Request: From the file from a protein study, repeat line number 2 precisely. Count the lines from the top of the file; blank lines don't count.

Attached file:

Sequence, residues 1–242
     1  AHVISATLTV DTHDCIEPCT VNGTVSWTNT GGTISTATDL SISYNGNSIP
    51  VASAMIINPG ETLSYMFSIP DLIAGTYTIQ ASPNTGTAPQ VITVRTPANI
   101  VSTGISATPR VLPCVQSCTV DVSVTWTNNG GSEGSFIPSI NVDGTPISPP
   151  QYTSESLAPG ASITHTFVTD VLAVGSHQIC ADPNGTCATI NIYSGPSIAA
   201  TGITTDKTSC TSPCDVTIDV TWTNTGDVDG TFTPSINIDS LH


     1  AHVISATLTV DTHDCIEPCT VNGTVSWTNT GGTISTATDL SISYNGNSIP